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Thursday, 30 September 2021

'Each additional hour spent outdoors improves circadian health, mood, neuroticism, and almost everything'

image from here

Research Paper
Time spent in outdoor light is associated with mood, sleep, and circadian rhythm-related outcomes: A cross-sectional and longitudinal study in over 400,000 UK Biobank participants.

Highlights
  • More daylight predicted better outcomes across a range of mood and sleep measures.
  • These relationships held in both cross-sectional and longitudinal analyses.
Abstract

Background
Light has powerful effects on mood, sleep, and the circadian system. Humans evolved in an environment with a clear distinction between day and night, but our modern environments have blurred this distinction. Negative effects of light exposure at night have been well characterized. The importance of daytime light exposure has been less well characterized. Here we examine the cross-sectional and longitudinal associations of time spent in daytime outdoor light with mood, sleep, and circadian-related outcomes.

Methods
Participants were drawn from the UK Biobank cohort, a large study of UK adults (n = 502,000; 37–73 years old; 54% women).

Results
UK Biobank participants reported spending a median of 2.5 daylight hours (IQR = 1.5–3.5 h) outdoors per day. Each additional hour spent outdoors during the day was associated with lower odds of lifetime major depressive disorder (95% CI OR:0.92–0.98), antidepressant usage (OR:0.92–0.98), less frequent anhedonia (OR:0.93–0.96) and low mood (OR:0.87–0.90), greater happiness (OR:1.41–1.48) and lower neuroticism (incident rate ratio, IRR:0.95–0.96), independent of demographic, lifestyle, and employment covariates. In addition, each hour of daytime light was associated with greater ease of getting up (OR:1.46–1.49), less frequent tiredness (OR:0.80–0.82), fewer insomnia symptoms (OR:0.94–0.97), and earlier chronotype (adjusted odds ratio; OR:0.75–0.77). Auto-Regressive Cross-Lagged (ARCL) models were used to examine the longitudinal association of time spent in outdoor light at baseline with later mood-, sleep- and circadian-related outcomes reported at time point 2. Overall, longitudinal associations support cross-sectional findings, though generally with smaller effect sizes.

Limitations
Future studies that examine the intensity of daytime light exposure at the ocular level are needed.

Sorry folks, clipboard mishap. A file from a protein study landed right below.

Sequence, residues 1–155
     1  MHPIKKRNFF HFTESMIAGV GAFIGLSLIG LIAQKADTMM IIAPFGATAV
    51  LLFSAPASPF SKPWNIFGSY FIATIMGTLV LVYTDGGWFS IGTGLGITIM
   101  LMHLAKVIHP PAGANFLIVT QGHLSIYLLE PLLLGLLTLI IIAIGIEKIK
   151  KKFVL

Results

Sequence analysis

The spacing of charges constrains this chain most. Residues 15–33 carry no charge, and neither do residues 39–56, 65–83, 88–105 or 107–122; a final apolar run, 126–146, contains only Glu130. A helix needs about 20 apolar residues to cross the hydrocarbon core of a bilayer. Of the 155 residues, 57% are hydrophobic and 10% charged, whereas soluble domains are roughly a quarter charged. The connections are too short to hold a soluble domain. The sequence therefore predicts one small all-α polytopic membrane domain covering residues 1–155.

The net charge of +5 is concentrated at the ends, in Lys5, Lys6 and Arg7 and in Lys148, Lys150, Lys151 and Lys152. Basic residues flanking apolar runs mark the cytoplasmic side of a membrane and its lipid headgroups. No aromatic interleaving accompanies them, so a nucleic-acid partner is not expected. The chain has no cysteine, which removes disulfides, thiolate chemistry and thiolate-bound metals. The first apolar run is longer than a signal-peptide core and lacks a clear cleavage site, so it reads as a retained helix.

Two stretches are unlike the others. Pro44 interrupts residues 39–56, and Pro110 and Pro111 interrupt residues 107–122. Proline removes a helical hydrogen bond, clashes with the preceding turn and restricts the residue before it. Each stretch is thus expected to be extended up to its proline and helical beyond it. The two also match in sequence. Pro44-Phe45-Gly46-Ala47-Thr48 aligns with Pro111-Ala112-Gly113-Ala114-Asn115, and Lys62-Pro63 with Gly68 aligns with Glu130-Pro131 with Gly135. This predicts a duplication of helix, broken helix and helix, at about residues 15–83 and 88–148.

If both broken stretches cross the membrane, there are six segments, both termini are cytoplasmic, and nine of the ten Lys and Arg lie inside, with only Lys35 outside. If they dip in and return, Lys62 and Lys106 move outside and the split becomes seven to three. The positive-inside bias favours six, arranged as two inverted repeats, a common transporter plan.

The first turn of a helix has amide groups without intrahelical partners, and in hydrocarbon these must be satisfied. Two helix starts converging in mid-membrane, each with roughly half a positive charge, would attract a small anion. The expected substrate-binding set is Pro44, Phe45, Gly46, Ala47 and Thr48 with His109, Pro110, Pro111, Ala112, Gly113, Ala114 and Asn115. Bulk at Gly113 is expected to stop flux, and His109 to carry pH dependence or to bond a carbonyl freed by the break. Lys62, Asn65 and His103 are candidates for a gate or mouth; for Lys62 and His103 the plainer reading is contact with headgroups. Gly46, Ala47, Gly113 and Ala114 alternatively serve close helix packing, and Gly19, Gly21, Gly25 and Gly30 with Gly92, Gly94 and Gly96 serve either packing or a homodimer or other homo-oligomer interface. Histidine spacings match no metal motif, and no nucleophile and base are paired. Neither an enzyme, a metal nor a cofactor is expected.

Conclusions
Our findings suggest that low daytime light exposure is an important environmental risk factor for mood, sleep, and circadian-related outcomes.

    Above taken from here
    h/t Marks Daily Apple site here

    Do you like spending time outside, I know I do ... it's good for all ages.

    You will find a variety of articles, studies and recipe ideas within this blog, and not all may be suitable for you. If you may have any food allergies, or underlying health issues please take these into account. If you are a diabetic and not sure how certain foods may affect your blood sugars, test is best, i.e. use your meter.

    All the best Jan

    Wednesday, 29 September 2021

    Strange But True !

    As regular readers know, this blog brings a variety of articles, studies, thoughts, recipes and more! It is presented in a magazine style - we hope something for everyone. Our main focus is about the Low Carb Higher (Healthy) Fat lifestyle, LCHF for short, and you can read/find out more about that here

    But today for a change I thought let's have some midweek trivia! So here are ten strange but true facts! Did you know any of these facts? 

    In 2016, a student left a pineapple in an art museum in Scotland. Two days later, it had been placed in a glass case as part of an exhibition.

    Tigers have striped skin, not just striped fur. The stripes are like fingerprints, and no two tigers have the same pattern.

    “Digging a hole to China” is theoretically possible if you start in Argentina

    There’s a flower that smells like chocolate! Native to Mexico, this dark red flower is not edible. It is called “cosmos atrosanguineus” or “chocolate cosmos.”


    People don’t sneeze in their sleep due to their brain shutting down the reflex.

    If you sneeze while traveling at 60 mph, your eyes are closed for an average of 50 feet.

    The brain is our fattiest organ and is composed of nearly 60% fat.

    Magpies are considered one of the most intelligent animals in the world and the only non-mammal species able to recognize themselves in a mirror test.


    A Canadian company started selling fresh air in a can as a joke, then Chinese consumers made it real, paying up to $20 a can.

    The small indents in the bottom of frozen pizzas are there to prevent air bubbles from forming inside the dough.


    talking of pizza, 
    have you tried 
    Cauliflower Pizza Casserole ... it's so cheesy
    see recipe details here

    Please note, not all the recipe suggestions featured within this blog may be suitable for you. If you may have any food allergies, or underlying health issues these must always be taken into account. If you are a diabetic and not sure how certain foods may affect your blood sugars, test is best, i.e. use your meter.

    All the best Jan

    Tuesday, 28 September 2021

    Happy Tuesday, you are invited to lunch : It's Coconut Camembert

    Hello and Happy Tuesday
    I thought I would invite you to lunch (virtually speaking of course)
    I hope you may enjoy this ...

    Coconut Camembert
    enjoyable as a light lunch, or starter.


    Ingredients
    Serves 2